I am thankful that people acted and did not refrain from acting, and I am thankful for the work of the RH security and all others teams and those who did their best to propagate information about the issue - at the very time it was possible only to a limited extent to verify information. The outcome was in any case better than the absence of actions. But now that we know the outcome, we need to mitigate it. The absence of communication before publishing information as Fedora information contributed to the confusion and to the condition that most did not know/understand for long what is correct and what not, and the absence of knowledge of what originates from where made it impossible to find out whom to ask. Everyone including the RH security team acted when it was necessary, as good as they could, but while it was an understandable outcome the last time, it would imho not be acceptable to reoccur that way.

If RH would need to take over the situation and what is published as Fedora for legal reasons in such cases, they would need to let the community know (and information has to be somehow traceable to its source when published anyway). If not, we need to find a way to either split the information flows between the RH security team and the community in order to ensure that it is clear what belongs to / originates from where (everyone decides themselves what to publish in their name), or we need to find a way to connect or integrate their information flows.

As you suggest, my proposal can be questioned in several respects, and I lack information about some internals and also from the perspectives of several Fedora teams. My proposal is more to encourage a discussion towards a solution :wink:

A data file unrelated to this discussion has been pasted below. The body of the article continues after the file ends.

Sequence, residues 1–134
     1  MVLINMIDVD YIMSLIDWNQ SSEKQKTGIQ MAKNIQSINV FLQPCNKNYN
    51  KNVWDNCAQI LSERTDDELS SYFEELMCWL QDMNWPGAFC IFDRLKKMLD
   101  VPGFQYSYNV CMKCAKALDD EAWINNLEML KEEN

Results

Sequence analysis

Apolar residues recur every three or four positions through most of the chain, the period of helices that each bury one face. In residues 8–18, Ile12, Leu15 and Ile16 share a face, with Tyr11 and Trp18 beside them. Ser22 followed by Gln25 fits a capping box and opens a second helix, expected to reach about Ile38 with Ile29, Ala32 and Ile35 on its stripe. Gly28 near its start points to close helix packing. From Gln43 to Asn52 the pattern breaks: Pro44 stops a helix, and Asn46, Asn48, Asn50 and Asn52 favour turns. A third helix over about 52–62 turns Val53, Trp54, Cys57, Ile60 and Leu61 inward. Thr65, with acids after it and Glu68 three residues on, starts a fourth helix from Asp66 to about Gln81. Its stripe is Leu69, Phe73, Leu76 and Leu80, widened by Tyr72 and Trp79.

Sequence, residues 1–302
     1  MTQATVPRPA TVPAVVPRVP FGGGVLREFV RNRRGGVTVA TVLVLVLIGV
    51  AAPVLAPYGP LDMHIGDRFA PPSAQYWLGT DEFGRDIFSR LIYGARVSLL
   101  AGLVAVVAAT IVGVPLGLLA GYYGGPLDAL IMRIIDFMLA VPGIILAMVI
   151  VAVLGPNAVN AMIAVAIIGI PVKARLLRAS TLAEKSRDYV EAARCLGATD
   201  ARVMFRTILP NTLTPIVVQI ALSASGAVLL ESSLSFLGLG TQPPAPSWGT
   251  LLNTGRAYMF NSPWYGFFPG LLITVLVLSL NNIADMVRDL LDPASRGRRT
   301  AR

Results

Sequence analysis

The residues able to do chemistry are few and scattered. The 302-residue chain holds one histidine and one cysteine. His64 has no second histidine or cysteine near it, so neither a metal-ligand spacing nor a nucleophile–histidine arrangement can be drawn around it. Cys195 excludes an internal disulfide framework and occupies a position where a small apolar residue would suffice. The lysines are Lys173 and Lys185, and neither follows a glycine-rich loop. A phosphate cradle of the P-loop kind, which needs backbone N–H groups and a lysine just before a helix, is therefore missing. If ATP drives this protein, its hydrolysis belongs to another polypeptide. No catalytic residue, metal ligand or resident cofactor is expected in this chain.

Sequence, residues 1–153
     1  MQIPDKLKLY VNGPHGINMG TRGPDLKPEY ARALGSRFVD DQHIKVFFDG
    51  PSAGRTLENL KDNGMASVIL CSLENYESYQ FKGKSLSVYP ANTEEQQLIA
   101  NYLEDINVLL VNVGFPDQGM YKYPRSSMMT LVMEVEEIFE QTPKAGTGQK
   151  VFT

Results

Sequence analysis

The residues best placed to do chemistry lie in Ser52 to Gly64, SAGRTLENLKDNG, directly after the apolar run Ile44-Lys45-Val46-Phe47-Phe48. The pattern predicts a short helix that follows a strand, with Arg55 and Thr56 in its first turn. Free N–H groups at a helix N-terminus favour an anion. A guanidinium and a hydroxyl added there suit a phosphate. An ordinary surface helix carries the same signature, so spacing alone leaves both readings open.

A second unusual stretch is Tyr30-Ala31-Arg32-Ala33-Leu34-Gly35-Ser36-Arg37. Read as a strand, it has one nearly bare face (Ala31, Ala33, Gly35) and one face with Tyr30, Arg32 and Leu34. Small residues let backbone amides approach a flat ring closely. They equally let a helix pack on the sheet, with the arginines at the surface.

A definition would be indeed a good thing to start. In my proposal, it would be a limited set of people who could start a discussion in a mailing list or any preferred channel. If the currently available people consent that there is an incident occurring that can impact Fedora users or members and/or any of their private data in a negative/disadvantageous way, I tend to consider it as security incident.

I generally agree to that, especially that it needs to be someone with relevant technical backgrounds. But the question is if someone can be appointed in advance. The last time, we could not rely that any specific person or team is available. Most jobs at Fedora are not intended to be time-critical. We would introduce a single point of failure if the appointment is done in advance. Does it maybe make sense to not appoint the person but the process to appoint one when an incident happens?

The last time, it was @catanzaro and @rjones who were closest to being the overall coordinators. I tend to assume someone from the devel mailing list should be appointed. They have the highest outreach I can think of, and technical knowledge by default. Or instead determine a process that, when an incident happens, people in devel agree on someone who is currently there to act as coordinator, also with responsibility to outreach. Actually, this is what happened the last time. It is the outreach that causes the problems, it is high, but Magazine and discussion.fp do not yet count to it. This is what would need to be added. We might be more explicit and focus to ensure a connection to the areas of Fedora where people are listening. This is discussion.fp, some mailing lists, and the magazine. So offering the devel mailing list a way to outreach to any of them already would make a difference.

100%!

100%, too :slight_smile: It’s the discussion I wanted to start with some proposal that can be challenged. It was a little the proposal for KDE being the new default that made me think of doing that :stuck_out_tongue: The idea is mostly to encourage discussion with challenging something and by putting something forward that can itself be challenged.

I think you are mixing up aliases and mailing lists?
When you are added to a fas group you are adding to an email alias for that fas group. This isn’t a mailing list, you can’t add/remove people from it except by adding/removing them from the group.

If someone added you to real lists without your consent thats not ok. :frowning: